Short message service: US media: Twitter warms to Musk’s takeover bid

short message service
US media: Twitter warms to Musk’s takeover bid

There is progress – but no deal yet. Photo: Matt Rourke/AP/dpa

© dpa-infocom GmbH

Elon Musk’s takeover attack on Twitter already seemed doomed to failure. But since the Tesla boss presented the necessary financing commitments, the resistance seems to be crumbling.

According to US media reports, Twitter is more receptive to the takeover bid by tech billionaire Elon Musk after initial resistance.

The Wall Street Journal wrote that the sides are in serious negotiations and could tie down a deal this week. The financial service Bloomberg also wrote that Twitter had become more open to Musk’s plan since presenting funding commitments of $ 46.5 billion (around 43 billion euros) last week.

Musk announced his intention to take over Twitter around ten days ago – and explained this with alleged restrictions on freedom of speech on the short message service, which he wanted to turn off. The board of directors of the online service then introduced a countermeasure that allows other shareholders to buy shares at lower prices as soon as an attacker like Musk has a stake of more than 15 percent. At the same time, Twitter generally reserved the right to agree to a deal. Musk had already bought a good nine percent stake in the past few months.

After meeting on Sunday, the sides made progress but still have some differences to iron out, the Wall Street Journal reported, citing those who were informed. It is still not certain that a deal will come about, it said.

The New York Times wrote that the talks included the timeline for closing the deal and fines in the event that an agreed deal fails in the end. So far, Twitter has only officially referred to the announcement that Musk’s offer is being examined in the interests of all shareholders.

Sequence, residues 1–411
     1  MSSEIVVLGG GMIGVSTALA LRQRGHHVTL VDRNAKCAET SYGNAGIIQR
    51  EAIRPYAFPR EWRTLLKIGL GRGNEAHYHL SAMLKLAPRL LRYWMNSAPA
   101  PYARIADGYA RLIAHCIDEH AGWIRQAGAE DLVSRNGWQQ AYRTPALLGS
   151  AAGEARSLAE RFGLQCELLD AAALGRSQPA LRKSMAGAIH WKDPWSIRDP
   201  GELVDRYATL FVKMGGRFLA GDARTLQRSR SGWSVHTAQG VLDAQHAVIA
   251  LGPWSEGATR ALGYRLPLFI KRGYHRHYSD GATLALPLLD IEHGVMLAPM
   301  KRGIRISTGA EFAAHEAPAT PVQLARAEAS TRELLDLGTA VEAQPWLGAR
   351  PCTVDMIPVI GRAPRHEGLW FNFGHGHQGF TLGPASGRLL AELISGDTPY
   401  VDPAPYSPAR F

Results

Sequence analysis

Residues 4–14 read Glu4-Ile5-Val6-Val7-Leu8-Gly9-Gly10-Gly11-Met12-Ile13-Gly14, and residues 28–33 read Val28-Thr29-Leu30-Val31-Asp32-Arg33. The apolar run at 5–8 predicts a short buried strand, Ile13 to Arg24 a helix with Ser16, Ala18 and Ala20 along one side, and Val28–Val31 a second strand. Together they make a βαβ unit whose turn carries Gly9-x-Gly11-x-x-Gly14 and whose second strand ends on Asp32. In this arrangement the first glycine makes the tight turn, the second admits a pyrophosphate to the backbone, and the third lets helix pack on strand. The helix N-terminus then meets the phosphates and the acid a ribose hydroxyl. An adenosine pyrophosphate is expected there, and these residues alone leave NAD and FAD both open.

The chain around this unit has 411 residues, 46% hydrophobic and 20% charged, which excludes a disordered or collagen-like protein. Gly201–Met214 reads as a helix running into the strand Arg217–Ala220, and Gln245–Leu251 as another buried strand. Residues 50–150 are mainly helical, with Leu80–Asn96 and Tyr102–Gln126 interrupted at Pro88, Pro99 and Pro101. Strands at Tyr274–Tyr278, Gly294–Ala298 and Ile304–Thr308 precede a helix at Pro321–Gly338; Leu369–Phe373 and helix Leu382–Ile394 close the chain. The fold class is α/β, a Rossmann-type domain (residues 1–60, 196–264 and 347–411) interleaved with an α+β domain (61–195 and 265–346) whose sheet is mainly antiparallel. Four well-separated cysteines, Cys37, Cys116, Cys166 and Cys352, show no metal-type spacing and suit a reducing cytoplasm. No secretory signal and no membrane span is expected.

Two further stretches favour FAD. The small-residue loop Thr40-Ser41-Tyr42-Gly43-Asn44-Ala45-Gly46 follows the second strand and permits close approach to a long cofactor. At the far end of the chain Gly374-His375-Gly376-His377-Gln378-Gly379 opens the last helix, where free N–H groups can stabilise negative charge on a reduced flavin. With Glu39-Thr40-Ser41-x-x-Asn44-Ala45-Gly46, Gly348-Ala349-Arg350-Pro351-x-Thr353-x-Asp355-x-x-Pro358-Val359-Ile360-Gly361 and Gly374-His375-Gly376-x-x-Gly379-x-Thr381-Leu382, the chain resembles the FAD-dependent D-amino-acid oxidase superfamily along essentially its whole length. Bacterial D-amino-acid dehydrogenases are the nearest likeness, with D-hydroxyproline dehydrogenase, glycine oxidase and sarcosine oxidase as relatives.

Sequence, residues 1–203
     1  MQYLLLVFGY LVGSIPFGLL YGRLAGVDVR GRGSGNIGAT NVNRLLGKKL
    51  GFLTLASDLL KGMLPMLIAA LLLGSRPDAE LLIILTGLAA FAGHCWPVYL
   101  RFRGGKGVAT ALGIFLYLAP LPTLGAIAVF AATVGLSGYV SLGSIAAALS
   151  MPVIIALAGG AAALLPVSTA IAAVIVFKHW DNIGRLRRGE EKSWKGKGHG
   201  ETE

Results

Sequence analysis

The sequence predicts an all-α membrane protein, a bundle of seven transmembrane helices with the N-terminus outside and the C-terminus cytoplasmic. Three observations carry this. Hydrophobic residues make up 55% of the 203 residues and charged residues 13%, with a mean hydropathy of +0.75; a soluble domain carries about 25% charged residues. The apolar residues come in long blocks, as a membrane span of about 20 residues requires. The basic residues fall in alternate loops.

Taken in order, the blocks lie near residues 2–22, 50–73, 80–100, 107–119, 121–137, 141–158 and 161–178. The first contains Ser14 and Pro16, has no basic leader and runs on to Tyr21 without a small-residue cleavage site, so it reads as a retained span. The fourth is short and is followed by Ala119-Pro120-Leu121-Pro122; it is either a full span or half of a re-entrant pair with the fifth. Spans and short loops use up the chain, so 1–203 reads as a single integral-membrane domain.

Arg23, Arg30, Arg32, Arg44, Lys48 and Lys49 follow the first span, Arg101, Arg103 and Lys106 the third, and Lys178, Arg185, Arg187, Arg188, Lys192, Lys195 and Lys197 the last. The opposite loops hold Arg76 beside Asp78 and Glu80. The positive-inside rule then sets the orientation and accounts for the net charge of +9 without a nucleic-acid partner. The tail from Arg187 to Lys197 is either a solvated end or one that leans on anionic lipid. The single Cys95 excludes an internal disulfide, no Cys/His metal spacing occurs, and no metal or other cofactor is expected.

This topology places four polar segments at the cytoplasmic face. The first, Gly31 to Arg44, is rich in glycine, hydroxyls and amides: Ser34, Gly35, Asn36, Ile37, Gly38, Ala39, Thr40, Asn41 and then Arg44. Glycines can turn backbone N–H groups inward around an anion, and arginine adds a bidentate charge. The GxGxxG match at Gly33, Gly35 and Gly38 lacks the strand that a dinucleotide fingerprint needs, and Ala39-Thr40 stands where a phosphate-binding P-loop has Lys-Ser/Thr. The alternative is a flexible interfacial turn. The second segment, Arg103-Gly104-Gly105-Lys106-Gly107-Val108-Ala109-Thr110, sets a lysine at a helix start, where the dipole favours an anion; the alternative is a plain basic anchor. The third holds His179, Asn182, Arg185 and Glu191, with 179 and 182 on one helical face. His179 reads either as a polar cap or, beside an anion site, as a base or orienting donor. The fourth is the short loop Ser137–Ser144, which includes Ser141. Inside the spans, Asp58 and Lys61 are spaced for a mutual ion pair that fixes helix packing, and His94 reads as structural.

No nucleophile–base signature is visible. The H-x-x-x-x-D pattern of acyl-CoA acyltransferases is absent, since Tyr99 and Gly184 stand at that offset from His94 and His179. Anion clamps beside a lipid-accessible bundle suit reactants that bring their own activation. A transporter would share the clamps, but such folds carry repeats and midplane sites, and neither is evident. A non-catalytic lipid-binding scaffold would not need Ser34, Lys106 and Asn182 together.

Last offer: $54.20 per share

While analysts assumed that the board of directors could approve a deal at a price of $60 per share, Musk repeatedly emphasized that his offer of $54.20 was the last. That would value Twitter at around $43 billion overall. Investors have so far been skeptical that Musk will achieve his goal: The stock closed at just under $49 on Friday and only advanced to $49.19 in early premarket trading on Monday.

Musk presented commitments for loans of over $25.5 billion and also wants to contribute shares worth around $21 billion. Tesla boss Musk is by far the richest person in the world. However, his fortune consists almost exclusively of shares in the electric car manufacturer and his space company SpaceX, so that he would also have to resort to credit for a Twitter purchase.

The 50-year-old is one of the most active prominent Twitter users and has around 83 million followers. He announced that he wants to make Twitter a “global platform for free speech” because this is important for civilisation. Musk’s promises of looser regulation drew criticism from pundits like former Facebook security chief Alex Stamos. You don’t increase the value of a platform by letting it be 99.9 percent filled with pornography and ads for fake branded sunglasses and sexual enhancers, he wrote on Twitter.

Musk’s criticism of the state of free speech on Twitter is popular with supporters of former President Donald Trump and other US conservatives. Among other things, they have long railed against the fact that Twitter and other online platforms are taking action against false information about the corona virus and Trump’s uncovered allegations of election fraud.

Trump was banned from Twitter after expressing sympathy for his supporters who stormed the US Capitol in Washington on January 6, 2021. The management has so far emphasized that there is no way back to the platform for the ex-president. Musk’s approaches could now make Trump sit up and take notice with a view to running again in the 2024 presidential election: he finds temporary “timeouts” better than permanent exclusions, said the Tesla boss in general. In the early days, Musk downplayed the dangers of the virus himself and criticized restrictions in California as “fascist”.


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